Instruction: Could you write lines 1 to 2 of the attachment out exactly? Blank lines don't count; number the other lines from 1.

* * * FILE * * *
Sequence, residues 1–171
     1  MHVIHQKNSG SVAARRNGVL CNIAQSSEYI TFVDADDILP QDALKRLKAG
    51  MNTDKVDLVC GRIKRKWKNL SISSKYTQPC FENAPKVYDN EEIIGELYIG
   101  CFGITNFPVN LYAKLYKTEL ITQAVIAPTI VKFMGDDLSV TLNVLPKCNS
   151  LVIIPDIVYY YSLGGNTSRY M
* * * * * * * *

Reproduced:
Sequence, residues 1–171
     1  MHVIHQKNSG SVAARRNGVL CNIAQSSEYI TFVDADDILP QDALKRLKAG